copyright ©1996 by Sarah Stegall
Writer: Chris Carter
Director: R. W. Goodwin
At the end of "The Erlenmeyer Flask", Deep Throat died in Scully's arms while ransoming Mulder's life. In "Anasazi", at the end of the second season, Mulder's father died in his arms so that his son would not learn his secrets. At the end of last season's opener, "Blessing Way" and "Paper Clip", the blood of Dana Scully's sister marked the threshold of her apartment, and the death intended for Scully passed her by. This year X (Steven Williams), Mulder's last pipeline into the heart of mystery, literally dies on his doorstep, and the life of Mulder's mother is restored. It seems that Chris Carter, series creator and writer of this season's opener, "Herrenvolk", has taken the theme of sacrifice as the subtext for The X-Files. Each season is marked by martyrdom, and The X-Files looks less like a horror series and more like a Biblical epic every year.
Picking up where last season's "Talitha Cumi" left off, Mulder and Scully zero in on mystery man Jeremiah Smith (Roy Thinnes), who has promised to reveal the Cigarette-Smoking Man's secrets to them. Naturally, once they escape from the assassin (Brian Thompson) sent to kill him, Smith dummies up, and thenceforward expresses himself in cryptic locutions which conceal as much as they reveal. Mulder and Smith wind up in Canada on a plantation right out of "The Stepford Wives", where Mulder discovers his silent sister, still eight years old, working in a bee-filled greenhouse with other equally silent children (could these identical boys be the "Adams" of the Litchfield experiment in "Eve"?). Mulder finds out that "Samantha" is one of several clones, and when he tries to bring one of them with him, Smith protests that "She's not your sister." "Then what is she?" he angrily (and rightly) asks--and of course gets no answer. No self- respecting X-File character would ever come right out and say something as obvious as "They've cloned your sister and turned her into a serf."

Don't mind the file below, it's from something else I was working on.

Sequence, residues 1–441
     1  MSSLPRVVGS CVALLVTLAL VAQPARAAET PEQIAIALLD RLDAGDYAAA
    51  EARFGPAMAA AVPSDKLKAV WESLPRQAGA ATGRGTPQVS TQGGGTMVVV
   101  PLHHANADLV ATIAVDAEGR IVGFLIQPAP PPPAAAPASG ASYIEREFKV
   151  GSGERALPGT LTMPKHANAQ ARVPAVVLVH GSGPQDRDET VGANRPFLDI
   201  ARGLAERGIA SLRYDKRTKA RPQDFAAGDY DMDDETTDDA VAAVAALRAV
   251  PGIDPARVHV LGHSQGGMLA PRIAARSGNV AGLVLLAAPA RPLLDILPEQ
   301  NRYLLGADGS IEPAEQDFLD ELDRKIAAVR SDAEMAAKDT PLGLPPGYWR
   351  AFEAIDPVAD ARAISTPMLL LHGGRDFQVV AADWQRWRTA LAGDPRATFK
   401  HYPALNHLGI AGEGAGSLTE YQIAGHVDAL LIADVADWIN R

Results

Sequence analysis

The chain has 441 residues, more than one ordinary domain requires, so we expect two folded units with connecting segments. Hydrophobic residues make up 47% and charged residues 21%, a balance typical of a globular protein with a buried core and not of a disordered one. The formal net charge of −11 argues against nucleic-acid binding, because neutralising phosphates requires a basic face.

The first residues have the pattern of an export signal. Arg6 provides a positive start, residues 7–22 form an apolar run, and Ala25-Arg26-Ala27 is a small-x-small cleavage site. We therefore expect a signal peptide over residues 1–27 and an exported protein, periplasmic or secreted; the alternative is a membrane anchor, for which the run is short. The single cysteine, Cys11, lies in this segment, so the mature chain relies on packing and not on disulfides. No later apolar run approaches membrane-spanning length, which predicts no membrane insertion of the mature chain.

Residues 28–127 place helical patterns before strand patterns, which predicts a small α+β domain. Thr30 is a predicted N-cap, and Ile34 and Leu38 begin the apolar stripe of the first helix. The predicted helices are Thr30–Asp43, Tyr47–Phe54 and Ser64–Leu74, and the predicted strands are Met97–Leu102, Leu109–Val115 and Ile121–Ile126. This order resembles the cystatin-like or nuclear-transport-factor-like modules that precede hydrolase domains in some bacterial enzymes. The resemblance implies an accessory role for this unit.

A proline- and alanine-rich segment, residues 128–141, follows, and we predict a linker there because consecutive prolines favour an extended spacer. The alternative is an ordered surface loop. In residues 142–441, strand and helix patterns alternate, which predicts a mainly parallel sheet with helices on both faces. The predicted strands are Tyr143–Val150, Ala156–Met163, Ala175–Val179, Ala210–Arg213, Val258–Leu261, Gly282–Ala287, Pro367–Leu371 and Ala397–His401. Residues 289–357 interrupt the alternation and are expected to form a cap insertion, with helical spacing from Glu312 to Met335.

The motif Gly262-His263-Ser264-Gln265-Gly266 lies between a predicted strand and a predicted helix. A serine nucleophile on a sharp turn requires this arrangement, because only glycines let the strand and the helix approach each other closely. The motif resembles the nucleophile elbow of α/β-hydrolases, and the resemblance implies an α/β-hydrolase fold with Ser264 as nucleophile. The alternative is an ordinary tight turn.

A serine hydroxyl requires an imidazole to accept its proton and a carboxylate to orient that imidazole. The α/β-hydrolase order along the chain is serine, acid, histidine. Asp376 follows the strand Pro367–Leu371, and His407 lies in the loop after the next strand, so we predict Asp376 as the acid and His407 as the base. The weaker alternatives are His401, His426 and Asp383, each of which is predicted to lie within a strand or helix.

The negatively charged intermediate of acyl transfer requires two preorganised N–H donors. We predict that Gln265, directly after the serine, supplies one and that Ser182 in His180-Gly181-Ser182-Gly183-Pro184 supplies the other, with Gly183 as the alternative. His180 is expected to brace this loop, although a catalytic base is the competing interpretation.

Meanwhile, Scully is deciphering a code, with the help of the always-adorable Agent Pendrell (Brendan Beiser) which exposes more of the smallpox-vaccination tagging scheme hinted at in "Paper Clip" a year ago. While she pursues this line of investigation with bulldog intensity, Mulder and Smith are attacked by the icepick-wielding assassin again, and Mulder is knocked out. We next find him stumbling down the corridors of the hospital where his mother lies dying, in shock and incoherent, with no explanation of Smith's or Samantha's whereabouts. He collapses beside his mother's bed into the arms of his partner, in an embrace reminiscent of the one beside another hospital bed that ended "Paper Clip". From the final clue X left scrawled in his own blood, Mulder pursues his investigation about the Canadian farm at the United Nations. As he is talking to a blonde informant I am certain we will see again, the assassin, in a surprise twist, heals Mrs. Mulder at the behest of the Cigarette Smoking Man.